Oregon Divorce Guide

Relocation Of A Child’s Home

Removing a child from the state or somewhere else in the state can result in contempt of court charges or worse if the removal violates a court order or violates the other parent’s rights to their allocation of parental responsibility.

Relocation of parent with minor child. Burden of proof. Factors considered by courtMoving the child away from the other parent

If a custody order is already in place, the type of custody granted will have a direct impact on the procedure to relocate a child from the area the child was in when the order was granted. If sole custody has been granted to a parent, that person enjoys the presumptive right to relocate the child, and the non-custodial parent must show cause why the move would not be in the child’s best interest. Where joint custody has been granted, each parent is on equal footing when pleading their case. Where a custody order has not been issued, the court will determine the following

  1. the relocation is for a legitimate purpose
  2. the proposed location is reasonable in light of such purpose, and
  3. the relocation is in the best interests of the child.
Inevitably someone wants to relocate

As time passes, lives change, and with those changes come living in more than one location. When addresses change of people parenting their children, challenges arise, and the courts attempt to proactively deal with those changes. Most courts include in the parenting plan provisions for when either parent wishes to relocate. When the custodial parent wishes to move the child’s residence, and the move is greater than 60 miles, the custodial parent must get either the other parent’s consent, or the approval of the court.

In cases where the custodial parent has moved the child without consent of either, they are subject to sanctions by the jurisdiction they left. The <em>fleeing</em> custodian can be forced to return to where they left, and extreme case, lose primary custody. The custodial parent faces an uphill challenge, in that s/he remains a resident of the State s/he left until residency is established (usually 6 months). This presumes, of course, that the noncustodial parent goes to court to recover his/her child and parenting time.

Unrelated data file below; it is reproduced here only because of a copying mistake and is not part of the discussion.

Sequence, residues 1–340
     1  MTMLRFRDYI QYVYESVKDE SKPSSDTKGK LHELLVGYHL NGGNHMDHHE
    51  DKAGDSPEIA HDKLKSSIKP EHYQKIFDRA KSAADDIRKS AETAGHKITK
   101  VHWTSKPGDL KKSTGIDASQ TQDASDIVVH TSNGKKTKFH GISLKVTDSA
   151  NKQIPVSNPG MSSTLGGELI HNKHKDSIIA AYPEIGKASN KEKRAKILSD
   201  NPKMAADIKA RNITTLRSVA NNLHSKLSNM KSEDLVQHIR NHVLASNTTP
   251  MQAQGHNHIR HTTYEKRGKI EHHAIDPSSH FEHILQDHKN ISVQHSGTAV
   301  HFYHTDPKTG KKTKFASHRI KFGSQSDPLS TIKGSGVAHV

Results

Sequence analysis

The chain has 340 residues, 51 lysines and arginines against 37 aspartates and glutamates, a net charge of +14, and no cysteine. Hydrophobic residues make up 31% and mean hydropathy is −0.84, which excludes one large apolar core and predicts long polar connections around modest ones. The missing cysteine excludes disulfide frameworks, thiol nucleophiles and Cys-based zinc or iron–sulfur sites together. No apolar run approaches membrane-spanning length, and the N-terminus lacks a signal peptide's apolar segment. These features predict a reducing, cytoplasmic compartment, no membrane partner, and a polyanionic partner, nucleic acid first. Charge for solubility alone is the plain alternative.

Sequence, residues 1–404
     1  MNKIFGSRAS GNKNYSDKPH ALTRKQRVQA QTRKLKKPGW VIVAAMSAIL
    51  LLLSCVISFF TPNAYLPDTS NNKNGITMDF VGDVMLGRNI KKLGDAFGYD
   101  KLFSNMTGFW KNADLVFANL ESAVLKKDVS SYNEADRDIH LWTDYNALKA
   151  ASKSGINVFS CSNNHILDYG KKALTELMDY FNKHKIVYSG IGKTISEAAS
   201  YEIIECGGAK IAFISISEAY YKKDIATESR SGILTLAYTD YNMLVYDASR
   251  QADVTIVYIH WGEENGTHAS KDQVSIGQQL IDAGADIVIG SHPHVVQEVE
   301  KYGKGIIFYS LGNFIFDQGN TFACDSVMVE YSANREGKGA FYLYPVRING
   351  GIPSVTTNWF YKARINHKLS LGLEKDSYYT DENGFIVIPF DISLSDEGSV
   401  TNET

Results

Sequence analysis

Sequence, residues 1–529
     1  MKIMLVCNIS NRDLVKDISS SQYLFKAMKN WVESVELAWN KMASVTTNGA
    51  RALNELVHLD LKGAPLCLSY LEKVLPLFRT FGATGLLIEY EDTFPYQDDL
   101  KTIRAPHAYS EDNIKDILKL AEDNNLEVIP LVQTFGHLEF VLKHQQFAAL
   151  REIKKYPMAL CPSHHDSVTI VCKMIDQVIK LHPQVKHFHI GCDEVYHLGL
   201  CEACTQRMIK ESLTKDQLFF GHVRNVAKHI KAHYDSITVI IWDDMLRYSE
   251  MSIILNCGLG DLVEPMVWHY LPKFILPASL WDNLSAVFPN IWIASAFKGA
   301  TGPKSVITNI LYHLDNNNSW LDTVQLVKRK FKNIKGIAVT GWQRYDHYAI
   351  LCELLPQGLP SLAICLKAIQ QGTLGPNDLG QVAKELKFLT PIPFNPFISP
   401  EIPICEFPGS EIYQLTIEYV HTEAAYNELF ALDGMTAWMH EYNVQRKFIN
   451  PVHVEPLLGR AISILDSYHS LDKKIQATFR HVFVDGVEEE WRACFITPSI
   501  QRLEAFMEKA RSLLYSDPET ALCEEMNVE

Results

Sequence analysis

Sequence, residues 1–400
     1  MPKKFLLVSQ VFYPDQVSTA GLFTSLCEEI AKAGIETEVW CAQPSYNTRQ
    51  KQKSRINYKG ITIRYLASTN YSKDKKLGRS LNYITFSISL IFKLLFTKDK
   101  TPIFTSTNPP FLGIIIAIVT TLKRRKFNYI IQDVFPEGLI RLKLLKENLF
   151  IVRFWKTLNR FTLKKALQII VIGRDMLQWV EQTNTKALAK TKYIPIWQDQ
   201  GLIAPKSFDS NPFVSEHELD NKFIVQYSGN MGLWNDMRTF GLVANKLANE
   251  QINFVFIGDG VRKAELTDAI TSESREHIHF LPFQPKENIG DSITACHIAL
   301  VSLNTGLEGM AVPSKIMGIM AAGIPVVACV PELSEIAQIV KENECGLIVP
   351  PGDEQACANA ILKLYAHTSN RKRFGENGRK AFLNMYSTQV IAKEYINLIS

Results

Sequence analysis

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The court must weigh the best interests of the child with those of the parents

In determining whether to approve the relocation of the child under subsection (a) of this section, the court will consider, but such consideration shall not be limited to:

The burden is on the parent seeking modification of a custody award to prove that the proposed relocation is made in good faith and will not be harmful to the child’s best interest.In re Marriage of Colson, 183 Or. App. 12,51 P.3d 607 (2002)
  1. Each parent’s reasons for seeking or opposing the relocation
  2. the quality of the relationships between the child and each parent
  3. the impact of the relocation on the quantity and the quality of the child’s future contact with the non-relocating parent
  4. the degree to which the relocating parent’s and the child’s life may be enhanced economically, emotionally and educationally by the relocation, and
  5. the feasibility of preserving the relationship between the non-relocating parent and the child through suitable visitation arrangements.
A person is guilty of interference with custody when:
  • Being a relative of a child less than 16 years old, intending to hold the child permanently or for a prolonged period and knowing that the person has no legal right to do so, the person takes or entices the child from the child’s lawful custodian; or
  • Knowing that the person has no legal right to do so, the person takes or entices from lawful custody any incompetent person or other person entrusted by authority of law to the custody of another person or an institution

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